back to article Essex drone snapper dealt with by police for steamy train photos

A drone photographer who took pictures of the Tornado steam engine has been given a community punishment by Essex Police in the UK – after Network Rail complained his craft was being flown too close to a railway line. The force said in a statement that the 28-year-old man from Kirby Cross, who it declined to name, "was dealt …

  1. usbac

    "Only our team of highly trained authorised pilots and specialist-approved contractors are permitted to fly drones near the railway. It's just too dangerous for anyone else to fly a drone near the railway and you could face a penalty of up to £2,500."

    So, in other words: We need to protect our cushy revenue sharing agreement we have with the ''approved contractors''.

    I get it!

    1. ideapete
      Pint

      De railed plod

      Plod belts photog to protect master

    2. Anonymous Coward
      Anonymous Coward

      Those "approved contractors" spend many hours in a class room being told not to fly the drone into or near the train they then take a test with the following multiple choice question.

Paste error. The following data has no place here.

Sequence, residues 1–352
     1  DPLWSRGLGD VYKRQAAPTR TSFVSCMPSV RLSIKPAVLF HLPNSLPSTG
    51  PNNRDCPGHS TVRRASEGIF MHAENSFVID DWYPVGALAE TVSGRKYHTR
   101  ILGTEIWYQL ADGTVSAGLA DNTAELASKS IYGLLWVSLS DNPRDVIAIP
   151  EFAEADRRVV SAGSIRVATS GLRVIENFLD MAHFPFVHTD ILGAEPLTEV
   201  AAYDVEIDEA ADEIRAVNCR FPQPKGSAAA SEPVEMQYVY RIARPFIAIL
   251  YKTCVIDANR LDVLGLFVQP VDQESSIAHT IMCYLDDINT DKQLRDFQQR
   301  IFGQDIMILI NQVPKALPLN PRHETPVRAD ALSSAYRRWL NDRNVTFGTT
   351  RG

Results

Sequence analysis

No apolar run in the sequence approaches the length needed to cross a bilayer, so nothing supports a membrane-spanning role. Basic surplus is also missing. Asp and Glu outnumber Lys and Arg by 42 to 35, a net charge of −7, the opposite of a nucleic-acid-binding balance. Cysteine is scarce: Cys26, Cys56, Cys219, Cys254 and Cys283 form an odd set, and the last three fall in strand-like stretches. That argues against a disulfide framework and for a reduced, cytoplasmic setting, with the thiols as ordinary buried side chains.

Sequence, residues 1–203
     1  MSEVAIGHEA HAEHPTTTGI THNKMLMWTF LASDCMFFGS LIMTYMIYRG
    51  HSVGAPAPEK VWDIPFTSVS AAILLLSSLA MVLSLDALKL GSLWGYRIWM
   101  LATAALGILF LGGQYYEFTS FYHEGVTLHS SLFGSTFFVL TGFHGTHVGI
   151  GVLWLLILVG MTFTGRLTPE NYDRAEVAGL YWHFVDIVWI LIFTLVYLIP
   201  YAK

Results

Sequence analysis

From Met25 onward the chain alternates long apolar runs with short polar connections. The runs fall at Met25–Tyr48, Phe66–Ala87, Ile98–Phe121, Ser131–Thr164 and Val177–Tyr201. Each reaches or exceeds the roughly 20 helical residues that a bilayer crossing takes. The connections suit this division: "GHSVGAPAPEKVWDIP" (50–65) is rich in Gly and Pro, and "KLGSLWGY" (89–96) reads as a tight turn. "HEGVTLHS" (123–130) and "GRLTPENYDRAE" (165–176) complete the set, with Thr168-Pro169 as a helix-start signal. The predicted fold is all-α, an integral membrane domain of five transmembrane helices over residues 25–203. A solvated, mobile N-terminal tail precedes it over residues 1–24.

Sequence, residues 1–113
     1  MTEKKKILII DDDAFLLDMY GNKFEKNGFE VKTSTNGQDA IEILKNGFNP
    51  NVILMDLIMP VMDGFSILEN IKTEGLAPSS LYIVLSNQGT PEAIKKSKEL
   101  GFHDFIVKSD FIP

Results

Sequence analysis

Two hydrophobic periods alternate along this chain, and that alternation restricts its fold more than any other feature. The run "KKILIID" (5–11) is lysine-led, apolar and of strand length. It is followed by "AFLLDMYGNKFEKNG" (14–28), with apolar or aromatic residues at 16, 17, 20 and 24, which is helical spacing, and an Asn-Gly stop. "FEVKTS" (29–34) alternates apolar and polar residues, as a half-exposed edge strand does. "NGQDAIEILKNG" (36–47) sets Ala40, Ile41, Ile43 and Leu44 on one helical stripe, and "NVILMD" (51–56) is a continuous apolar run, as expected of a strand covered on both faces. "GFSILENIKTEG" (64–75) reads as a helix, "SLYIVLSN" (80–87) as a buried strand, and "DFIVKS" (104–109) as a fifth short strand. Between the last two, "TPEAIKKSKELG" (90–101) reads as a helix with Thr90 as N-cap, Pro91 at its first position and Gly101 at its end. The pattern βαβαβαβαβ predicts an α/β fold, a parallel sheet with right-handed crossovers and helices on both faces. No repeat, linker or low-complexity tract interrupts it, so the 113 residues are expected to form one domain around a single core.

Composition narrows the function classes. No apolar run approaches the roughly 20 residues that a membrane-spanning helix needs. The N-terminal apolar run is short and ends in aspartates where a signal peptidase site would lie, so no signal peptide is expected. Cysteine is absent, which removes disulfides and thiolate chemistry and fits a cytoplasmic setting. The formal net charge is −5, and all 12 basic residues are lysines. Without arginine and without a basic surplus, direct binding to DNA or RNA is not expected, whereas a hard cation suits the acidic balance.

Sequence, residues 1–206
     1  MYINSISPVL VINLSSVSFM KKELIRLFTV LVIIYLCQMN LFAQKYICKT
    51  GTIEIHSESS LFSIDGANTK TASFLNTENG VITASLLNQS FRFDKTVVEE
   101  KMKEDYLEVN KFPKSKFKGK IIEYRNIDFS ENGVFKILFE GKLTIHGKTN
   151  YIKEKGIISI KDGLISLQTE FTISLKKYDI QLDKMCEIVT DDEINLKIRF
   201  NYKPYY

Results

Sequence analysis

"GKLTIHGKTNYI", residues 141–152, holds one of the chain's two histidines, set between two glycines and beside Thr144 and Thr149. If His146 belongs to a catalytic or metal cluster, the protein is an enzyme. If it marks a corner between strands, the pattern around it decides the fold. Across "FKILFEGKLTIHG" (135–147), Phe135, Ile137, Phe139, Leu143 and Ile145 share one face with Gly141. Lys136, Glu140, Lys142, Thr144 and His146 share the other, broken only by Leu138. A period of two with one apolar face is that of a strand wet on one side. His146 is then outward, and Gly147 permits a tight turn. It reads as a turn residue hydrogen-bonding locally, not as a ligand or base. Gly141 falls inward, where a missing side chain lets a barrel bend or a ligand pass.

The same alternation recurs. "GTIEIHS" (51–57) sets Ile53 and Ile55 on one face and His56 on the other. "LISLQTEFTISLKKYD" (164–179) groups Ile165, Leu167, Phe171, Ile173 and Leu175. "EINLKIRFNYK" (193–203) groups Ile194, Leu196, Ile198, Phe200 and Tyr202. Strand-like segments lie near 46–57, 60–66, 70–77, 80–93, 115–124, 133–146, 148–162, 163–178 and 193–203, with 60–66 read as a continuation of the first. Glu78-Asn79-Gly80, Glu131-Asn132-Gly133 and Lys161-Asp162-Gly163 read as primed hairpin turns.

What should you not fly a drone near or into?

      A. The Sky

      B. An empty Field

      C. A Train

      D. A printing shop where you have exclusive pictures that network rail can sell giving you a cut.

      Once you pass you get an "I'm allowed to make money for Network Rail" badge.

    3. Pen-y-gors Silver badge

      Mr. Prosser: Do you know how much damage this train would suffer if it hit your drone?

      Arthur: How much?

      Mr. Prosser: None at all.

      1. Mark 110 Silver badge

        Having seen first hand the damage a soft fleshy human body did to the front of a Virgin train - there wasn't much of the windscreen left (and me subsequently getting home to Liverpool at 3am instead of 10pm) can we please keep anything vaguely solid away from the front of a train please.

        I appreciate your snarky comments about self interested railways just wanting to maximize revenue streams . . . but if I was piloting 300 tonnes of metal at 120 mph I would appreciate people not flying bits of metal around in my vicinity that just might end up hitting my eyes at said speed.